I am one member of a five person board. The opinions I express on this forum are mine only, and do not necessarily reflect the views or opinions of the Escambia County Staff, Administrators, Employees, or anyone else associated with Escambia County Florida. I am interested in establishing this blog as a means of additional transparency to the public, outreach to the community, and information dissemination to all who choose to look. Feedback is welcome, but because public participation is equally encouraged, appropriate language and decorum is mandatory.

Sunday, August 16, 2015

Failure Factories--Investigative Journalism Deconstructing How Public Schools Can Fail Their Students...

This article from the Tampa Bay Times is incredibly good.  This is investigative journalism at its best.  Even though I do not agree with many of the points or assumptions made in the piece, I see much similarity to some circumstances/conditions in some Escambia schools.

This is a compelling read.  from "Failure Factories"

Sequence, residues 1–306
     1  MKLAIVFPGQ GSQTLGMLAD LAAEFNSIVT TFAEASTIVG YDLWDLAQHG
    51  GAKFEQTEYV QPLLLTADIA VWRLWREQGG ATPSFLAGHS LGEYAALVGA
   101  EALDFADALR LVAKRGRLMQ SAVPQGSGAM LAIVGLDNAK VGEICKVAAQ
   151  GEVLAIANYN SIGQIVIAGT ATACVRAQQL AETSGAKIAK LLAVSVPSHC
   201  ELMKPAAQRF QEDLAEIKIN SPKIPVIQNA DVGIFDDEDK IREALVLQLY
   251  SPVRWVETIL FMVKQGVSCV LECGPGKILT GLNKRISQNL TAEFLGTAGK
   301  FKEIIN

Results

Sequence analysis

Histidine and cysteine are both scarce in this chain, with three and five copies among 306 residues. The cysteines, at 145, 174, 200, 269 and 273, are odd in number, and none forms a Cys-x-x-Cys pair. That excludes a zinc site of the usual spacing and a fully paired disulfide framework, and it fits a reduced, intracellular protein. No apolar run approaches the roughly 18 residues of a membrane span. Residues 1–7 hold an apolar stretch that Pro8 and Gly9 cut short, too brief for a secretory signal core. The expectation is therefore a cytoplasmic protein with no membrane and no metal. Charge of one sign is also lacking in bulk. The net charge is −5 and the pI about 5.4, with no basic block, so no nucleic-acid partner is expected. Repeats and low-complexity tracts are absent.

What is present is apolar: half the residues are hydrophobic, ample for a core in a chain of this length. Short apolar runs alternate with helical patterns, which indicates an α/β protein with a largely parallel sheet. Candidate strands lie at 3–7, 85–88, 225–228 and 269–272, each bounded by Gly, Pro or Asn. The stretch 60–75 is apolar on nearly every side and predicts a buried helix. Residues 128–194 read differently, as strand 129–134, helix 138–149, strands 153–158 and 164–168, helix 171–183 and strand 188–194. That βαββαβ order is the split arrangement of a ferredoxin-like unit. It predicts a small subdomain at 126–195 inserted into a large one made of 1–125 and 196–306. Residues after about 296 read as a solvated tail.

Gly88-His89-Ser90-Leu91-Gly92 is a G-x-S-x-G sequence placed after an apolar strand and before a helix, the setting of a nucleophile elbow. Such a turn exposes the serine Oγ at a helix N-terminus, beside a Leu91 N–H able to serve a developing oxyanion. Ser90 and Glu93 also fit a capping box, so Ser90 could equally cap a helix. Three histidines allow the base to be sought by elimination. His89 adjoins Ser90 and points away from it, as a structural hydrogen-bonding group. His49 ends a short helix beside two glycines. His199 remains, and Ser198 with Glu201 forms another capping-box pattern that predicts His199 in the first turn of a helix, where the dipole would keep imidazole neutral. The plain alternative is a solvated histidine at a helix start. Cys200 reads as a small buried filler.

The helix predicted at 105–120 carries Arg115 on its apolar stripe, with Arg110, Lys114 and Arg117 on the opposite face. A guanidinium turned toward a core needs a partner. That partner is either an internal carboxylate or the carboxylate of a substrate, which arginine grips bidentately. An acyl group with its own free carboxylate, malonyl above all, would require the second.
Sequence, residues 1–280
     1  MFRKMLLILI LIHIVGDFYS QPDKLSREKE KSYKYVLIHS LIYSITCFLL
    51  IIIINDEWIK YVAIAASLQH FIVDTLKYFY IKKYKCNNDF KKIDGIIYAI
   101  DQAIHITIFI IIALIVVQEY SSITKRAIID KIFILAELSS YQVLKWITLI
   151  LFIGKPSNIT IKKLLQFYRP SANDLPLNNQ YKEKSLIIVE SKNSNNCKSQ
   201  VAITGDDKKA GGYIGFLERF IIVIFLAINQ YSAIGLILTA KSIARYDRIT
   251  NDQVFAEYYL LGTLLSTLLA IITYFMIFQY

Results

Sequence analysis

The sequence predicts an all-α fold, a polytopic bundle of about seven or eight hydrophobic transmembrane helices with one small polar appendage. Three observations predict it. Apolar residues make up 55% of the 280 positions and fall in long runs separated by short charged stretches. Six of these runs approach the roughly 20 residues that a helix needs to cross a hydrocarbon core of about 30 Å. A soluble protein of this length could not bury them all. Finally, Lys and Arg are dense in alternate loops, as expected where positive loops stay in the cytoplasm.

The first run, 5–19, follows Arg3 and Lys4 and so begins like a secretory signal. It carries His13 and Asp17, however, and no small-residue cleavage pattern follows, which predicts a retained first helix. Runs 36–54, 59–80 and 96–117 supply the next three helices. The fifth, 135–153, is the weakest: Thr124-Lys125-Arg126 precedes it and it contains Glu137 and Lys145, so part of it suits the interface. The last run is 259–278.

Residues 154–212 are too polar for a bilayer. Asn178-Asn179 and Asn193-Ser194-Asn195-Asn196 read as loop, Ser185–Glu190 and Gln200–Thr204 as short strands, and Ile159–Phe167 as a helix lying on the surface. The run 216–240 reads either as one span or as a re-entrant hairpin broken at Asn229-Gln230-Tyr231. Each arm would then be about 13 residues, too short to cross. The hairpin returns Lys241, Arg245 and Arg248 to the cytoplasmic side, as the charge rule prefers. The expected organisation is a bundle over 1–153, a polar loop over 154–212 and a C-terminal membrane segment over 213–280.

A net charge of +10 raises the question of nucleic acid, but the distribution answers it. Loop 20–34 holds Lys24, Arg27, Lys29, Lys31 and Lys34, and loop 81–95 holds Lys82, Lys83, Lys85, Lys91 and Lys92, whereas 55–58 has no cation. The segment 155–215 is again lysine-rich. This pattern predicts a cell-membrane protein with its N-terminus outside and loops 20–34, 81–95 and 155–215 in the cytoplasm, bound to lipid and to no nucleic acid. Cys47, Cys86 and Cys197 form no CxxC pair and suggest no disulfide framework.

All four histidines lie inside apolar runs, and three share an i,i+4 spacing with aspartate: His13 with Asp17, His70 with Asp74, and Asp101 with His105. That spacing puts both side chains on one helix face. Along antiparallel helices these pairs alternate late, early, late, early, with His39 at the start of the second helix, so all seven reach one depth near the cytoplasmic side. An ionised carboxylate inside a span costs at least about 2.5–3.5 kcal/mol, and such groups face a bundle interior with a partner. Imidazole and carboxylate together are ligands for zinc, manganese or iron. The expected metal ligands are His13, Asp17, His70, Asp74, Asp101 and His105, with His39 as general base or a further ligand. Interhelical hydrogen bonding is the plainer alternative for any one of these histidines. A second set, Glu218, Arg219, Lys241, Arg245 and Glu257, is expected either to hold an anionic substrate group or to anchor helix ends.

"Elyse Mermelstein started as a first-grade teacher at Lakewood Elementary nine weeks into the fall of 2013, but she already was the third teacher to run the class, her principal told her.The other teachers had quit. “The kids were horribly behind,” Mermelstein, 43, said in an interview with the Times.  A certified teacher of elementary school children and non-native English speakers, she said her Lakewood students could barely read. “They should have been reading books with paragraphs. They should have been comprehending. “They had so many teachers, it added to the problem.”Eight weeks after taking the job, she resigned, too. She said administrators left her on her own to handle behavior problems and encouraged her to teach at too slow a pace. She said both she and the principal agreed it wasn’t working out. Mermelstein said that as she packed up her things on Dec. 20, just before winter break, she heard crying coming from the classroom next door. It was another first-grade instructor, who was halfway through her first year as a teacher. She, too, walked out that day and never came back, Mermelstein said. Keeping teachers at these five elementary schools in south St. Petersburg has been a difficult task, records show. In 2014, 52 percent of the schools’ instructors requested transfers out.  Fourteen quit in the middle of the year. At least three of them simply walked off the job without giving notice, opting to risk action against their state teaching certificate rather than stay a moment longer"

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